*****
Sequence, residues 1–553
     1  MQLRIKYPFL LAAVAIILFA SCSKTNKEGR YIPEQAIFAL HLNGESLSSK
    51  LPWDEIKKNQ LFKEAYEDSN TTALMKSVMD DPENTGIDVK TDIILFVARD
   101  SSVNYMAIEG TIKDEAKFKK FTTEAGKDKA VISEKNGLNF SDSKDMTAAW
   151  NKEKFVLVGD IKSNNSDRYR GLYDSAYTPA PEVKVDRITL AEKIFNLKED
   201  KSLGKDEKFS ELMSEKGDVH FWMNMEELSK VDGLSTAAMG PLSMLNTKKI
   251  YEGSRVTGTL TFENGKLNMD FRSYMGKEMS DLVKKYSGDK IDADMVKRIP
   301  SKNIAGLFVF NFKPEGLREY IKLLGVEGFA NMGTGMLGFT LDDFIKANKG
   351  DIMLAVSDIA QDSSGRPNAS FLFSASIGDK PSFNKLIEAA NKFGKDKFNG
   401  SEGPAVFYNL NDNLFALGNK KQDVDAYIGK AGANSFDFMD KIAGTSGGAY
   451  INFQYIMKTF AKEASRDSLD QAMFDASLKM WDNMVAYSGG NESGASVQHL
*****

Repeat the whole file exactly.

Sequence, residues 1–553
     1  MQLRIKYPFL LAAVAIILFA SCSKTNKEGR YIPEQAIFAL HLNGESLSSK
    51  LPWDEIKKNQ LFKEAYEDSN TTALMKSVMD DPENTGIDVK TDIILFVARD
   101  SSVNYMAIEG TIKDEAKFKK FTTEAGKDKA VISEKNGLNF SDSKDMTAAW
   151  NKEKFVLVGD IKSNNSDRYR GLYDSAYTPA PEVKVDRITL AEKIFNLKED
   201  KSLGKDEKFS ELMSEKGDVH FWMNMEELSK VDGLSTAAMG PLSMLNTKKI
   251  YEGSRVTGTL TFENGKLNMD FRSYMGKEMS DLVKKYSGDK IDADMVKRIP
   301  SKNIAGLFVF NFKPEGLREY IKLLGVEGFA NMGTGMLGFT LDDFIKANKG
   351  DIMLAVSDIA QDSSGRPNAS FLFSASIGDK PSFNKLIEAA NKFGKDKFNG
   401  SEGPAVFYNL NDNLFALGNK KQDVDAYIGK AGANSFDFMD KIAGTSGGAY
   451  INFQYIMKTF AKEASRDSLD QAMFDASLKM WDNMVAYSGG NESGASVQHL